In brief: The new Microsoft Store coming with Windows 11 brings some well-deserved changes to the platform, such as a redesigned UI, new apps, a new business system, and even Android apps via Amazon Appstore. Despite all that's coming, Microsoft still wants more, including integrations with other third-party stores like Steam and Epic Games Store.
Yesterday, Microsoft unveiled Windows 11, the company's new client OS that promises to improve performance and user productivity. Alongside Windows 11, Redmond also showed the redesigned Microsoft Store and all the changes coming with it.
One of the said changes is the ability to download Android apps via Amazon Appstore, which will allow developers to keep all the revenue made by their apps when customers use third-party payment methods. If the customer doesn't, the revenue split will be 85/15 for apps. On the other hand, games supposedly have a split of 88/12 regardless of the payment method, which still is a sizable reduction from the old split of 70/30.
But as expected, Microsoft wants more than just the Amazon Appstore in its platform. In an interview with The Verge, Microsoft's chief product officer Panos Panay showed interest in partnering with other third-party stores such as Steam and Epic Games Store.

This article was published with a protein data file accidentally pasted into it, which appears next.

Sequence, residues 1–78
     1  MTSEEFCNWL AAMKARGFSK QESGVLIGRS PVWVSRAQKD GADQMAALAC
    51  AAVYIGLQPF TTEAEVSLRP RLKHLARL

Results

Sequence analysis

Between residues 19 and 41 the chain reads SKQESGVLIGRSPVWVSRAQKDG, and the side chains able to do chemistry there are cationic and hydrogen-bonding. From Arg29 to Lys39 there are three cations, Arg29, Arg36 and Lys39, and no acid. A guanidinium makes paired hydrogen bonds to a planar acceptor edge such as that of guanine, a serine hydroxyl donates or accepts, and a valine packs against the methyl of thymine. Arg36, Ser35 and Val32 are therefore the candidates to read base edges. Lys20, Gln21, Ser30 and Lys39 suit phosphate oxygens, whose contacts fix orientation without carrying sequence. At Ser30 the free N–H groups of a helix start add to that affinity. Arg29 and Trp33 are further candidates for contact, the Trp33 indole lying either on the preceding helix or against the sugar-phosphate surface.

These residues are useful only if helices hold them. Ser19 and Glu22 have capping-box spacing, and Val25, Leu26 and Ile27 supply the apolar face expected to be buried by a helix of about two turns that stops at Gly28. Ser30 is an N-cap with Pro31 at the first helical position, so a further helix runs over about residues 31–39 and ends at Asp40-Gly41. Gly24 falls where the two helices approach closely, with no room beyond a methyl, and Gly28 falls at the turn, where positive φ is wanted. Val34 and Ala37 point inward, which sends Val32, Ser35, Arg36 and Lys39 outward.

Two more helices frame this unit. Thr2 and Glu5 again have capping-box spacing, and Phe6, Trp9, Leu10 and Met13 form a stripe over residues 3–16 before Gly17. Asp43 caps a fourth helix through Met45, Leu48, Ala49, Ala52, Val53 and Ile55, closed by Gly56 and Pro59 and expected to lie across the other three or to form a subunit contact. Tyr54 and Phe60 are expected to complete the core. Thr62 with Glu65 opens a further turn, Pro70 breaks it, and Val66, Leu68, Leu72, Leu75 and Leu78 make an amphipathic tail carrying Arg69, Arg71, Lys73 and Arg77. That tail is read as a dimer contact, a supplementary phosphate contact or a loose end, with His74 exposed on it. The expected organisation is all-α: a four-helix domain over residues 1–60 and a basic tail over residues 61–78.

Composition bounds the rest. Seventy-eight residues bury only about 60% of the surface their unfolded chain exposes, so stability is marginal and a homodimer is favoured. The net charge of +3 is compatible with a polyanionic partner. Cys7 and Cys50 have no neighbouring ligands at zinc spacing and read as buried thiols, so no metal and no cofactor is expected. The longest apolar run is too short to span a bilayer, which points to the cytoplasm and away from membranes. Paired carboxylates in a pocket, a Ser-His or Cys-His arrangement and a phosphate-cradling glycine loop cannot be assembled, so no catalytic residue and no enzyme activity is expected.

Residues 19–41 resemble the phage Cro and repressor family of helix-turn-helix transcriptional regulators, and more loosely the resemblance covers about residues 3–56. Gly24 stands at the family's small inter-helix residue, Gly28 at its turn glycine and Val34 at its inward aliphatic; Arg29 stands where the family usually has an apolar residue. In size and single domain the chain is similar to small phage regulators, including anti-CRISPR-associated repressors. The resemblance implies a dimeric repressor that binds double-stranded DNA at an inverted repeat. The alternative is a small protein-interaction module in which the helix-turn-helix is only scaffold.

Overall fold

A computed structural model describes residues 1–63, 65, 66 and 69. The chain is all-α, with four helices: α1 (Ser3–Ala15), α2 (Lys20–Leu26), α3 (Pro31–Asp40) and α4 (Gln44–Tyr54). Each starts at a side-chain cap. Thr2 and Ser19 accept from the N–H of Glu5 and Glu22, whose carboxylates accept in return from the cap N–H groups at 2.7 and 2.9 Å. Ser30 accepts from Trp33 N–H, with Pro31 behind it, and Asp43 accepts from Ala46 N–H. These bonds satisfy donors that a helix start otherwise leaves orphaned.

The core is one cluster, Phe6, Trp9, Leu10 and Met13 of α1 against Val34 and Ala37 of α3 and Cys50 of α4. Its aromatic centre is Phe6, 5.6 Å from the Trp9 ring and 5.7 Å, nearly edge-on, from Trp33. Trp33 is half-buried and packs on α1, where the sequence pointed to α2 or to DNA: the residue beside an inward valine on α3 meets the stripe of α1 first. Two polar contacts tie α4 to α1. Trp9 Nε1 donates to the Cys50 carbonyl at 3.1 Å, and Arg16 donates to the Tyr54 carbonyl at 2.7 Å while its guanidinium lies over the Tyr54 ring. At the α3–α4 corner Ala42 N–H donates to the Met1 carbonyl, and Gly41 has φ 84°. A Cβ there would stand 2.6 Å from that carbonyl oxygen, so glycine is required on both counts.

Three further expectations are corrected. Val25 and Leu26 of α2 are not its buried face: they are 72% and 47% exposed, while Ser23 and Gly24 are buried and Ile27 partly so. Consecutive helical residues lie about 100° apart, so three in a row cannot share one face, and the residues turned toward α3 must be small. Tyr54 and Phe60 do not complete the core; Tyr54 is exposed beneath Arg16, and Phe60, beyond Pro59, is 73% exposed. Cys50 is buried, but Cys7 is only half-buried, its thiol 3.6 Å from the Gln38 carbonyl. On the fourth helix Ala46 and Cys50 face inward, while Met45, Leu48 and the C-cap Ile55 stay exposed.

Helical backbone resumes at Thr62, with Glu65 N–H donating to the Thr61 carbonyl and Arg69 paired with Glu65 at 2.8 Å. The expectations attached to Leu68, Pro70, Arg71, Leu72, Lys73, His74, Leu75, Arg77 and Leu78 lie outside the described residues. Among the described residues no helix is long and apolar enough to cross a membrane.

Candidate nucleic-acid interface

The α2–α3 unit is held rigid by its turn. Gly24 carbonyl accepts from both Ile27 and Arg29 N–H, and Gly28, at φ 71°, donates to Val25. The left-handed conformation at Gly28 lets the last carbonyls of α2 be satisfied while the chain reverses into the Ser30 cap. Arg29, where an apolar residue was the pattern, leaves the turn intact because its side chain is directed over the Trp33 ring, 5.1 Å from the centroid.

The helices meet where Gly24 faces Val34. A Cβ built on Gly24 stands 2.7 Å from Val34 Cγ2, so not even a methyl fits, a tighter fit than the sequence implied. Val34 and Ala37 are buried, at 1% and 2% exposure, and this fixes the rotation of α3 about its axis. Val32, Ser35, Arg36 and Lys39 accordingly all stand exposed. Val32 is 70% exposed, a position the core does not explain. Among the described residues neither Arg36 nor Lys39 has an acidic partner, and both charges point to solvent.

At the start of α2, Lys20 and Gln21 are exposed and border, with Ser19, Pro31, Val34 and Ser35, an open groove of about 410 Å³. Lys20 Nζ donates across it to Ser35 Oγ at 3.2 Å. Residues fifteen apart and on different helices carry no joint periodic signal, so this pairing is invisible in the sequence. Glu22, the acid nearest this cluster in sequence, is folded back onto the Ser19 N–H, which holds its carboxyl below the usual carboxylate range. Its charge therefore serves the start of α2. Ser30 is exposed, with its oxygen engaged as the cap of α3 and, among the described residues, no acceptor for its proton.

"Windows already in many ways hosts those stores, and if we can host it through the Microsoft Store then of course," said Panay. "For sure, it means as others want to come to the Store, they're very welcome. As a matter of fact, encouraged, and that's kind of why we're building out some of these policies," he added.
Panay's ultimate goal for the Microsoft Store is uniting all stores in a single platform, where "you type the app in and you get the app you want." By putting all stores under the same banner, users benefit from saving time when searching for something and maybe even eliminating the need of having multiple game and app stores installed on your system.
Bringing more third-party stores to the Microsoft Store seems to be a big win for users, but it's worth remembering that the 100 percent sales revenue when using third-party payment methods won't apply to games, which may sound unfair for some developers.